Accelerated Reader – End of KS1 and into KS2
Accelerated Reader is a computer program that helps teachers monitor children’s independent reading practice. Your child picks a book at their own level and reads it at their own pace. When finished, your child takes a short quiz on the computer. (Passing the quiz is an indication that your child understood what was read.) Accelerated Reader gives children, teachers and parents feedback based on the quiz results, which the teacher then uses to help your child set goals and direct ongoing reading practice.
Children using Accelerated Reader choose their own books to read, rather than having one assigned to them. This makes reading a much more enjoyable experience as they can choose books that are interesting to them.
Teachers help your child choose books at an appropriate readability level that are challenging without being frustrating, ensuring that your child can pass the quiz and experience success.
The Accelerated Reader approach moves away from the traditional reading scheme to include real books by a range of popular, modern and classic authors and poets. There are also non-fiction texts, graphic novels and play scripts to name a few additional text types. Accelerated Reader puts students in the driver’s seat. Teachers and parents guide students, while engaging quizzes and activities help hone students’ reading skills with authentic practice—encouraging growth.
The system determines the level of readability for this vast range of texts. After assessment, children are allocated a numerical range from which they can choose books. This is closely monitored by teachers. From recognising students’ achievements to students discovering new interests, Accelerated Reader helps create a culture of reading through choice.
The system monitors reading through a digital reading log. There is an expectation that children will read for at least 25 minutes each day in class with additional reading undertaken at home. A reading record is completed by the child and parents and is monitored on a regular basis to ensure home to school communication is maintained.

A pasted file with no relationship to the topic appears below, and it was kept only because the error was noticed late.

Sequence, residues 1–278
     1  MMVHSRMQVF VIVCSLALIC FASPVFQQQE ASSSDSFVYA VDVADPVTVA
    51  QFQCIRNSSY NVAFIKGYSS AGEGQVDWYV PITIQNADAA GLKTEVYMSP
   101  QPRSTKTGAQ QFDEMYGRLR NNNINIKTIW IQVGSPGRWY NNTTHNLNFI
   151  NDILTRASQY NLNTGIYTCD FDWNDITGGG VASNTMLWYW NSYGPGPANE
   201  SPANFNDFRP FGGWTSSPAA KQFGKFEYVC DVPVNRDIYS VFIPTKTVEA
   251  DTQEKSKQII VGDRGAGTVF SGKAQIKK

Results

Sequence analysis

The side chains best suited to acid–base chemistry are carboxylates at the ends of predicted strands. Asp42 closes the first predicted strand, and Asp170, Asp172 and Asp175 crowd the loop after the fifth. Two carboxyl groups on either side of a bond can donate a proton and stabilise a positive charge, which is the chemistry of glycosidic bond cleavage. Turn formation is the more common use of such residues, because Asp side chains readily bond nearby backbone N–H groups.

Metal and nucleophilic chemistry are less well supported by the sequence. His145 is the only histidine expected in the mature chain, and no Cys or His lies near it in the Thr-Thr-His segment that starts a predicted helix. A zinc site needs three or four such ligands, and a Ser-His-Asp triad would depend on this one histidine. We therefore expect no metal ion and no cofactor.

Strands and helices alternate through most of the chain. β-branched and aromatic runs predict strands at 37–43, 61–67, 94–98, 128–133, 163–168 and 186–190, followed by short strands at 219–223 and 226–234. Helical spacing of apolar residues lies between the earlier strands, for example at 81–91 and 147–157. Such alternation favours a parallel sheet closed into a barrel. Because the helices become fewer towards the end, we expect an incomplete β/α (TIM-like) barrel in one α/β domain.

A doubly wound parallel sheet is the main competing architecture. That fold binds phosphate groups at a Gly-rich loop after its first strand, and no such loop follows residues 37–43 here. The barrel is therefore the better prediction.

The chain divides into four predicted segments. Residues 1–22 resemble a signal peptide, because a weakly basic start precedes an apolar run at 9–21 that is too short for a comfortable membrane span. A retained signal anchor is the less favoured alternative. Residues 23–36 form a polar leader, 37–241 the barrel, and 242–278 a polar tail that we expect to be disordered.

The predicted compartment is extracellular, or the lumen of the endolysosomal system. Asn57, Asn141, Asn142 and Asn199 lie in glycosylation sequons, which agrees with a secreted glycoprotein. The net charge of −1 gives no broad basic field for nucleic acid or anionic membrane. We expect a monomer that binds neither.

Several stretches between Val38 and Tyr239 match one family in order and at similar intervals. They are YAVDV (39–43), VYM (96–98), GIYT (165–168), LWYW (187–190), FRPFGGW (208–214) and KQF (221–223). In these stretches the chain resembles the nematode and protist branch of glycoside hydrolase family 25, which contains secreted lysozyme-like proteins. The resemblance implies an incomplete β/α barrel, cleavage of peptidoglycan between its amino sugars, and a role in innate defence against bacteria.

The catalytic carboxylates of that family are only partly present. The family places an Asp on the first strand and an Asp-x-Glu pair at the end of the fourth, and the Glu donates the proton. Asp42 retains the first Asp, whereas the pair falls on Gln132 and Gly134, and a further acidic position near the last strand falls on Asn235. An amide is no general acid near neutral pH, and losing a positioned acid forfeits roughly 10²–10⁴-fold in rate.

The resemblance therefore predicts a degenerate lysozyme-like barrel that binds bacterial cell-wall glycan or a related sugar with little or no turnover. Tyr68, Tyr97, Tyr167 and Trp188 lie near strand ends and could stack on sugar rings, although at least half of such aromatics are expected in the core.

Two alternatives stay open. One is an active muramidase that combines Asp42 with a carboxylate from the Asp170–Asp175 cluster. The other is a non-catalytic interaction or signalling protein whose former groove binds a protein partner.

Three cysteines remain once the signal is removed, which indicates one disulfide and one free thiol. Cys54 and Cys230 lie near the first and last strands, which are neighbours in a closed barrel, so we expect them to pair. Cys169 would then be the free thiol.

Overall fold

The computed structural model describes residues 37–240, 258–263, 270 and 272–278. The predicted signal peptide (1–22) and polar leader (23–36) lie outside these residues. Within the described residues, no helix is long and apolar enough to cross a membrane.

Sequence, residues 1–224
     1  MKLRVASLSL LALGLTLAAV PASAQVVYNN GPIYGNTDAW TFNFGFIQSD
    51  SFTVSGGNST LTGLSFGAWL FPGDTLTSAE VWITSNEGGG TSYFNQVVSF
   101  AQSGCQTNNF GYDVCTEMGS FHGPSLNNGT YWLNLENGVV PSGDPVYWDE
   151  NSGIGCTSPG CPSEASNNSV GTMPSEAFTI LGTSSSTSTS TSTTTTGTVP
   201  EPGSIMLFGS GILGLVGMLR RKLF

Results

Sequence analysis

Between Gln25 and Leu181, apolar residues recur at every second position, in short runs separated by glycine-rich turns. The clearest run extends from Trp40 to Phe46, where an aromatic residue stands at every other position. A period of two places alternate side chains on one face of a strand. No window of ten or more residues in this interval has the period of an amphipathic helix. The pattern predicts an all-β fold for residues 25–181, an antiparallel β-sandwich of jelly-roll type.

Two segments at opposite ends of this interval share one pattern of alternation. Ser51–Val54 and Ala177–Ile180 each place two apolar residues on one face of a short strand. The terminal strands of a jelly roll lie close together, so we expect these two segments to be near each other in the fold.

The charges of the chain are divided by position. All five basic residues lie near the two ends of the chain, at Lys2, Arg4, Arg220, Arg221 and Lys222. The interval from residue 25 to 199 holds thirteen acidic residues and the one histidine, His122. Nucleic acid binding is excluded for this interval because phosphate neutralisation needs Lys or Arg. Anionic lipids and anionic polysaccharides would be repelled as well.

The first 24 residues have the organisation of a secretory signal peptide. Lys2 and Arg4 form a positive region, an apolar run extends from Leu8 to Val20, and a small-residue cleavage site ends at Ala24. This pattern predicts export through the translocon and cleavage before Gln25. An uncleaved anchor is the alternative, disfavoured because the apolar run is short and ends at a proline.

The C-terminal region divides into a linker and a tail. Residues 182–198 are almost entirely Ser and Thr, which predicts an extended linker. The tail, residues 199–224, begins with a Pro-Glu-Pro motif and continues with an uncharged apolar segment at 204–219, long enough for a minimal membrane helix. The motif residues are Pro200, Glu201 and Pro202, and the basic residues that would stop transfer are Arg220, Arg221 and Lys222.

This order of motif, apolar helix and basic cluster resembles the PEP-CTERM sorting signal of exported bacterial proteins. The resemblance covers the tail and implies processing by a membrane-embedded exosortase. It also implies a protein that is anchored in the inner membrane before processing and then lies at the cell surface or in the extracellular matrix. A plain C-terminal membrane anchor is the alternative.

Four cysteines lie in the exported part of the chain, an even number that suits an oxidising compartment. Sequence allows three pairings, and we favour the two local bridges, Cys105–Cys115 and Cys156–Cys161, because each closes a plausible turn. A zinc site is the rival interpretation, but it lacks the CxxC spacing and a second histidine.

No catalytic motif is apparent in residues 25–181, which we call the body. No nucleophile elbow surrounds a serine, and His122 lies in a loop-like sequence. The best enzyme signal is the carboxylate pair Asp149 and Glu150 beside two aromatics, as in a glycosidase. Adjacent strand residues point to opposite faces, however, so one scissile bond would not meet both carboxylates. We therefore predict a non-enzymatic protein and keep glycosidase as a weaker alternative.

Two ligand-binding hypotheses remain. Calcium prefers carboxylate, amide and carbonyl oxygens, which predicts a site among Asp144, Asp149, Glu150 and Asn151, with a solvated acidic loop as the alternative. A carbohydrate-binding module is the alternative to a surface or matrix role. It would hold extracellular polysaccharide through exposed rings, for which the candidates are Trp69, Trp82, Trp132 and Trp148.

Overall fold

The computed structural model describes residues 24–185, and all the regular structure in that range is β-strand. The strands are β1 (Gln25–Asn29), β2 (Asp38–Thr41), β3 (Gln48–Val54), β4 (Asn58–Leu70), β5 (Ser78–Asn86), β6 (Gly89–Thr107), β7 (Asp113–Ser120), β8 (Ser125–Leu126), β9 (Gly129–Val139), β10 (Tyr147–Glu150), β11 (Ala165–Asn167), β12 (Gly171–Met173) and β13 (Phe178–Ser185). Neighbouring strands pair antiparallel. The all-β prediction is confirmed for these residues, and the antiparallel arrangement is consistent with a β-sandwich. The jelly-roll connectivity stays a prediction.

Independent reading and level of understanding is confirmed through an online retrieval quiz taken on the completion of a book. Children are expected to achieve a minimum of 85% success rate over the term.
Children are rewarded for achieving an average of 85% or above for the books they’ve read and with an engaged time of 25 minutes per day.
We provide books that broaden horizons and helps learners connect with the world around them with a focus on positive moral values, developing empathy and showing diversity.
If you would like more information relating to the Accelerated Reader Programme, please follow this link:
Through careful and regular assessment, children who are not meeting age related expectations or who are not making sufficient progress, will receive targeted, bespoke intervention which is reviewed on a regular basis. Whether it be a repeat of the KS1 phonics programme or daily 1:1 reading, these children will be carefully monitored and supported to ensure they reach their full potential. External advice and support will be obtained if intervention and quality first teaching does not result in progress for these children.